History Book

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'In The Spirit of Adventure by Clare Brophy' image

In The Spirit of Adventure by Clare Brophy


In 2009, Veritas publications published a book on the history of CGI. The book provides a discussion on the varied history of the Association and is filled with fascinating images providing a cultural and social history of Guiding from the early days in the 1920's to the present.

"It is more than just a straightforward telling of the Guides' story since founded in 1928, it is also a history of women in Ireland during the 20th and 21st Centuries"

- Ireland's Own, October 2009
 

You can purchase your copy now From Veritas and The National Office €14.95
 

 

Editorial Review
 

The Catholic Guides of Ireland came late on the scene compared to similar organisations in Ireland and further afield. It was not until 1928 that it was considered necessary to form an organisation that would offer girls the fun, adventure and skills with a Catholic ethos that were long enjoyed by the Scouts. The organisation was set up under the auspices of Cumann na nGaedhael and the Catholic Church in tandem with the Catholic Boy Scouts and with aims to do with discipline, training, responsibility and so on that would seem strange today.

Brophy's book is essentially a celebration of the movement, but alongside the details of who did what and what happened when she does have a stab at addressing wider issues vis- -vis the guides' place in social developments, their relationship with the Catholic hierarchy and what the movement tells us about the role of women in Irish society. Most complex and delicate were the negotiations to allow CGI to participate in the international movement, since the non-Catholic Guides felt that one nondenominational association should suffice. The book is illustrated with photographs of Guides down the decades, all with the same generous margins as the text.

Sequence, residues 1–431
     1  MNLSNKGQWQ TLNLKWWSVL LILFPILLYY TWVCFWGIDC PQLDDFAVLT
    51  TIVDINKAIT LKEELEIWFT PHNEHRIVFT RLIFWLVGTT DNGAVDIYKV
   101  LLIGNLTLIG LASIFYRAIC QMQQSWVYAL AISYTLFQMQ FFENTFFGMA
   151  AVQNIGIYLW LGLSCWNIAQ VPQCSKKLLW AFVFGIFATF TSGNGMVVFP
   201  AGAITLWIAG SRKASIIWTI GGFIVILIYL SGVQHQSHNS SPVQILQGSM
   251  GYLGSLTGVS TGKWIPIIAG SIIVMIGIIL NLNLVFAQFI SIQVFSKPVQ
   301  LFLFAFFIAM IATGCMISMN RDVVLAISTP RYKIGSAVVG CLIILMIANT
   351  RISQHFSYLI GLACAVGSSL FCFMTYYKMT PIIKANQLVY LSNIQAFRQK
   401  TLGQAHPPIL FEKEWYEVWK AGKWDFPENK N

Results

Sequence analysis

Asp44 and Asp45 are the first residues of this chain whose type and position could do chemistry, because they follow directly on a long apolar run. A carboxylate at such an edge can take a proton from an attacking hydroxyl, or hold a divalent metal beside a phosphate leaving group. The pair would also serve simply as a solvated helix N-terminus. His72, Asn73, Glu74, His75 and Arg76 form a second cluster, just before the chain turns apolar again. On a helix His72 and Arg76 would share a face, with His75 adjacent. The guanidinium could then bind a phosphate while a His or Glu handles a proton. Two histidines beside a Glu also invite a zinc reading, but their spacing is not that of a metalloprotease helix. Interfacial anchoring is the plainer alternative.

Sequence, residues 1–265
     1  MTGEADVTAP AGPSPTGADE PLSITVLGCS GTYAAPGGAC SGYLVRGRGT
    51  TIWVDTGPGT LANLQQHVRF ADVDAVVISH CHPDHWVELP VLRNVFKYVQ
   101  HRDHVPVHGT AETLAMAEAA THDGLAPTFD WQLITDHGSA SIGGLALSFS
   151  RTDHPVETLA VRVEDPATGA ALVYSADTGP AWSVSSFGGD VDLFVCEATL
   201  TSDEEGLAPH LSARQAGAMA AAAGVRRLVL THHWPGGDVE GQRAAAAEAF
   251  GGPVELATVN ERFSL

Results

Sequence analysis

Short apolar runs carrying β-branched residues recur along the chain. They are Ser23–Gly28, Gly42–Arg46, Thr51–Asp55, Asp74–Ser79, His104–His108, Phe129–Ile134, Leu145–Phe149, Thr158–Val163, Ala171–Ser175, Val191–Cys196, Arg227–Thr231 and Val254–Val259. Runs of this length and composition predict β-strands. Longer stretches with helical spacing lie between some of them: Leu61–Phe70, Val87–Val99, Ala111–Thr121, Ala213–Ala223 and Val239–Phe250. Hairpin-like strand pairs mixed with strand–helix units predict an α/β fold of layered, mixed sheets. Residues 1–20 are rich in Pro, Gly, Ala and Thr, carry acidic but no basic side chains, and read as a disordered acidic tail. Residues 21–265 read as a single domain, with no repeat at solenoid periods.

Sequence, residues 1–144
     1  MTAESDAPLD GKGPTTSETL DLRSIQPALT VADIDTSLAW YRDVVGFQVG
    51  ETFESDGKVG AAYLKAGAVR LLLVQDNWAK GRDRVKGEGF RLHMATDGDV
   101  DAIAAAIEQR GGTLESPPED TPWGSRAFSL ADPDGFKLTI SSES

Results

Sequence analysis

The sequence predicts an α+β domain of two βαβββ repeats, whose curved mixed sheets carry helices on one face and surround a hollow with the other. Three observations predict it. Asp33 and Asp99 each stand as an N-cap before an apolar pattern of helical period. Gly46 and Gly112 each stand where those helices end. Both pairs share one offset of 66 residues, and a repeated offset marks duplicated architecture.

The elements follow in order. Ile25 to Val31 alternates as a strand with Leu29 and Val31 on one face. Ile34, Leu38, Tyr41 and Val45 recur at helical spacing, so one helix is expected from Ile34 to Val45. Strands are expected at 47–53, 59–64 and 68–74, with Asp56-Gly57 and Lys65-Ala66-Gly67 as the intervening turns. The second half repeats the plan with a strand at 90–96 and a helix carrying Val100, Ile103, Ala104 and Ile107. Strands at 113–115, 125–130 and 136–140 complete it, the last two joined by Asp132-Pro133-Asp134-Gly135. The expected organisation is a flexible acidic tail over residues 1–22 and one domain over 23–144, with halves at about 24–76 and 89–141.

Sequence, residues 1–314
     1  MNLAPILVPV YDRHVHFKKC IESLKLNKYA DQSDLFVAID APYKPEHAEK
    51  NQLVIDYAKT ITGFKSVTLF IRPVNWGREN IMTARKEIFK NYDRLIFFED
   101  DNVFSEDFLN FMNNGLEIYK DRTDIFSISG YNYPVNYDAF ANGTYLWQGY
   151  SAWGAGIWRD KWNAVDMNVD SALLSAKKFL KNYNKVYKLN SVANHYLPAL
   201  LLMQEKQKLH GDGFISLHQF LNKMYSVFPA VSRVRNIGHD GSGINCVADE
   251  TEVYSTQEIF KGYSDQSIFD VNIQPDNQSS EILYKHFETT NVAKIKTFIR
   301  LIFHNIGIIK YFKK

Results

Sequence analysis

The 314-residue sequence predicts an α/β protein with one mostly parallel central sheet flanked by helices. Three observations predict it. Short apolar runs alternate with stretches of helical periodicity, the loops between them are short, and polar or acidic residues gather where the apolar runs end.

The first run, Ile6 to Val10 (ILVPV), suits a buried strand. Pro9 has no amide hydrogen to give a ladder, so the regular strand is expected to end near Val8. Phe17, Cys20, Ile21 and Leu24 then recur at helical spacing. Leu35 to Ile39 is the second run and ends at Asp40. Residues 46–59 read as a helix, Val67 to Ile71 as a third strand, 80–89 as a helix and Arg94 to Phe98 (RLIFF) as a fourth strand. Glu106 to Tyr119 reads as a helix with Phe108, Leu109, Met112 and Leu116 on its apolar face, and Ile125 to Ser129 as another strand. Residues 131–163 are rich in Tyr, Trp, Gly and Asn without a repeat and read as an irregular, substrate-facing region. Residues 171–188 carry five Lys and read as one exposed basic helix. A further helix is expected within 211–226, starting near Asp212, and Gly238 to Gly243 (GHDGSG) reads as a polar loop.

- BOOKS IRELAND, October 2009

In the Spirit of Adventure, A History of the Catholic Guides of Ireland, has been brought out by Clare Brophy.
It is more than just a straightforward telling of the Guides' story since founded in 1928, it is also a history of women in Ireland during the 20th and 21st Centuries.

The book moves through the formative years of the 1930s when the organisation spread throughout the 32 counties, despite a sometimes fractious relationship with the Catholic Church. Then on to the war years when the Girl Guides, through participation in activities not usually open to them, grew in confidence, perhaps sowing the seeds for the women's liberation movement some decades later.

The book then takes us through the 1950s, '60s and '70s and on to the present day, charting the seismic shifts in society and noting how the Guides continued to play an important role in providing a social forum for girls and young women.

The Guides have shown a willingness to change and adapt as necessary, ensuring they still have a relevant role to play in modern Ireland.

The book is liberally illustrated with interesting photos from down the years and it will surely hold a fascination for the generations of Irish girls who have been involved in Guiding.

- Ireland's Own, October 2009